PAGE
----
Changing of the guard in Germany
While Saturday’s 30th anniversary of German reunification was a major moment for the EU’s most populous state, its eyes are just as much focused on the US presidential election. The Donald Trump-Joe Biden contest may be the most important election for US-German relations, and the broader transatlantic alliance, for at least a generation.
If Biden wins, a significant degree of normality will be restored, although relations may still not be “business as usual.” If Trump prevails, all bets could be off for at least the next four years. On trade, for example, the US president called Germany “very bad” this year because of its significant trade surplus, and singled out key sectors such as the car industry for tariffs. Moreover, further significant US troop cuts in Germany are also possible after the 12,000 announced in August.
And former Trump national security adviser John Bolton has indicated the president could even pull Washington out of NATO, in part because of Berlin’s failure to spend the required 2 percent of GDP on defense.
These brewing tensions have already poisoned German public opinion of Trump; only 10 percent of the population have confidence in him “to do the right thing in world affairs,” compared with more than 90 percent for Barack Obama when Germans were asked the same question from 2009 to 2016.
Germans, like many others across the world, increasingly fear that 2016 was a historical turning point in the three decades since unification. That, of course, was the year of Trump’s election and the UK’s voeg to leave the EU, an institution many Germans cherish. What was so striking about both these events was that two countries known for political stability and being traditional rule makers in the international order made the world a significantly more uncertain place. By the end of this year we will know whether Trump has a further four years in office, and if London leaves the EU with or without a trade agreement.
If Trump is re-elected, the populist, nationalist tide he represents will secure another major victory while the center ground internationalist agenda that Merkel believes is key for Germany’s future will take another hit.
A further source of angst for many Germans is that, amid this international uncertainty, Angela Merkel’s chancellorship will end next year after more than a decade and a half. She has long been the most important political leader in continental Europe. Three US presidents (George Bush, Obama and Trump), four French presidents (Jacques Chirac, Nicolas Sarkozy, Francois Hollande and Emmanuel Macron), and five UK prime ministers (Tony Blair, Gordon Brown, David Cameron, Theresa May and Boris Johnson) have served during her watch.
By the end of her fourth term, she will have matched Helmut Kohl’s 16 years of office from 1982 to 1998 and surpassed Konrad Adenauer’s from 1949 to 1963. Merkel will sit behind only Otto von Bismarck’s record of almost two decades in power from 1871–90.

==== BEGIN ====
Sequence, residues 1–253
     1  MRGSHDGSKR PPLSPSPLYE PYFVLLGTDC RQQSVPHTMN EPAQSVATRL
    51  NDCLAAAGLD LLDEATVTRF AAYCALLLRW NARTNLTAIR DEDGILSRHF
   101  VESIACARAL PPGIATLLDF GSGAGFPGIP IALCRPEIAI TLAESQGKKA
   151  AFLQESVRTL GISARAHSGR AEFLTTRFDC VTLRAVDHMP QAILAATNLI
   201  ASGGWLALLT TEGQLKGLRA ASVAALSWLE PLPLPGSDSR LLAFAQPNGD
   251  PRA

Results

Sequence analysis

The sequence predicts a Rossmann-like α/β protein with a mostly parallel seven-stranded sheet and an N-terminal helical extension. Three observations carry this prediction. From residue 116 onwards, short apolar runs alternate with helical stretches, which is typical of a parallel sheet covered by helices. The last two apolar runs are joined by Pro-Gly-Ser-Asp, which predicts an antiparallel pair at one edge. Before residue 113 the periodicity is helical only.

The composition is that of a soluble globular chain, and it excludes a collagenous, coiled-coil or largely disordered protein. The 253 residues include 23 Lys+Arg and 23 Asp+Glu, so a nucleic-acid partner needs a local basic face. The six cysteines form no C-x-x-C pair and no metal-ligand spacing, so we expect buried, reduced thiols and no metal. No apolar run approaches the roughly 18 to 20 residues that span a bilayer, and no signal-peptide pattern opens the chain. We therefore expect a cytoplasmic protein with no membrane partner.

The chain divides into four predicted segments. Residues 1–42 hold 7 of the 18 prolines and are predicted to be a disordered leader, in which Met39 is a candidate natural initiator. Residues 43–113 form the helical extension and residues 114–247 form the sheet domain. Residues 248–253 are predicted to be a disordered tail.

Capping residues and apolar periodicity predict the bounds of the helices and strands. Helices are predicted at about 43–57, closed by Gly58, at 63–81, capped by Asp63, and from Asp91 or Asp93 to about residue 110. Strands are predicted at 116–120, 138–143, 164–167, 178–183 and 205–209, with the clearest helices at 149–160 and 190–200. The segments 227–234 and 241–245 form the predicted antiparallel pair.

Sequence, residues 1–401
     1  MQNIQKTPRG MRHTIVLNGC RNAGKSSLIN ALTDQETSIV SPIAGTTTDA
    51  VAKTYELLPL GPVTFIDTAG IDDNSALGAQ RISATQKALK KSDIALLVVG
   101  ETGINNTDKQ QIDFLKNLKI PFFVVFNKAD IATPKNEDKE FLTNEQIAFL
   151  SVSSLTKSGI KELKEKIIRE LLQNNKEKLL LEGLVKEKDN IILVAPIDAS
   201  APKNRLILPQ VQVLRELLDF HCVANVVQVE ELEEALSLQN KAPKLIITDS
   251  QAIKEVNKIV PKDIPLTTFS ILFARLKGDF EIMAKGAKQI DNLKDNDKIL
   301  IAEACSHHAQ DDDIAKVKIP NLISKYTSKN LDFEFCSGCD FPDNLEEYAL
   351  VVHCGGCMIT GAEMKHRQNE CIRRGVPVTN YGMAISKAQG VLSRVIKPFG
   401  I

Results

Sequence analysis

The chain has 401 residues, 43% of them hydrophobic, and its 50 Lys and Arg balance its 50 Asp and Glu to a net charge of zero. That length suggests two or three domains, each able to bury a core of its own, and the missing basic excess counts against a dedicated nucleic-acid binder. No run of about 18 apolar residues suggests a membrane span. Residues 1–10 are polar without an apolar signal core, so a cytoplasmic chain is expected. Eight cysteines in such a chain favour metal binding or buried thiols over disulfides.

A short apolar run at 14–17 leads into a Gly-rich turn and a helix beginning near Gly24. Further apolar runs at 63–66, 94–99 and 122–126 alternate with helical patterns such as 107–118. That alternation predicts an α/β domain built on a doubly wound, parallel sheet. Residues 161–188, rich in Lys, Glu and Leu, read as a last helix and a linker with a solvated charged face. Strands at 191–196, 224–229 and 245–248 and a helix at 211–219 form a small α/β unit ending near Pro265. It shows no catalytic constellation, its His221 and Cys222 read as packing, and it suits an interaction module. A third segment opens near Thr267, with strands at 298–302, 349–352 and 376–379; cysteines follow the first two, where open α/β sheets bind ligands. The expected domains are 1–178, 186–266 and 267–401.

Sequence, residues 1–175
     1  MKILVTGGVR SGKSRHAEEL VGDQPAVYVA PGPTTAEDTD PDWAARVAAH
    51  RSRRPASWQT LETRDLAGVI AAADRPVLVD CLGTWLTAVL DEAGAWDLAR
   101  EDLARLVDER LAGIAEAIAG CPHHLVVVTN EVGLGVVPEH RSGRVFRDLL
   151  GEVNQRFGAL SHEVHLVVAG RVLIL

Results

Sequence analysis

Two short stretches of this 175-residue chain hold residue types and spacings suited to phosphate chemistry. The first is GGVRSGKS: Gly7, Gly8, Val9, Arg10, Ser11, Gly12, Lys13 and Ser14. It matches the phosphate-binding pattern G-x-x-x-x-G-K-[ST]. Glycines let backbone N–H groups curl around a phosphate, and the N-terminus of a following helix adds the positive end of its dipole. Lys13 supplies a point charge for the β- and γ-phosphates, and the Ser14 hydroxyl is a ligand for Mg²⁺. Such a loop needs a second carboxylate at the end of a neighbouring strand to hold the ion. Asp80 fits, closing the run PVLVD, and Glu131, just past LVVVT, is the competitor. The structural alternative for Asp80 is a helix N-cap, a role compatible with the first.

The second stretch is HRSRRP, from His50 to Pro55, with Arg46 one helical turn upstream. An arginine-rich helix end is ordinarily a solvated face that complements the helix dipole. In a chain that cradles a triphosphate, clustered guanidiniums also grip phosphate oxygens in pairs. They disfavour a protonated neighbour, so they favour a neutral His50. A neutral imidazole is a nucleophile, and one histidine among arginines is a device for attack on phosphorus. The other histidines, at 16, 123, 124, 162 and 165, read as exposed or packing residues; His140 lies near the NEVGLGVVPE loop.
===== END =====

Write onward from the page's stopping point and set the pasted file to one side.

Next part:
It remains unclear who (if anyone) in Germany can fill her political shoes. This is a worry not just there, but also across Europe and the wider world too, given that the country is the anchor (alongside France under Macron) in the 27-member EU, and in the era of Trump, she is perhaps the leading international proponent of liberal democracy.
Since she became head of the CDU, there have been a series of disagreements with the US over issues from the Middle East, including the Iraq war, through to the rise of China with US-German differences emerging over the best way to engage Beijing. Yet until the Trump presidency, the two powers generally continued to agree on a broad range of issues such as international trade, backing for a peace process between Israel and the Palestinians along Oslo principles, and support for the international rules-based system and the supranational organizations that make it work.
Today, however, many more of these key principles are being undermined by Trump’s agenda to disrupt the established Western order that Merkel has come to embody. And if this uncertainty were not enough, it has coincided with a wider range of foreign policy challenges for Germany, including an increasing assertive Russia, and instability in Europe’s wider “near abroad” of the Middle East and Africa.
As Germans reflect on these issues this symbolic weekend, the implications matter much more to Europe and the world at large too. For if Trump is re-elected, the populist, nationalist tide he represents will secure another major victory while the center ground internationalist agenda that Merkel believes is key for Germany’s future will take another hit.
- Andrew Hammond is an Associate at LSE IDEAS at the London School of Economics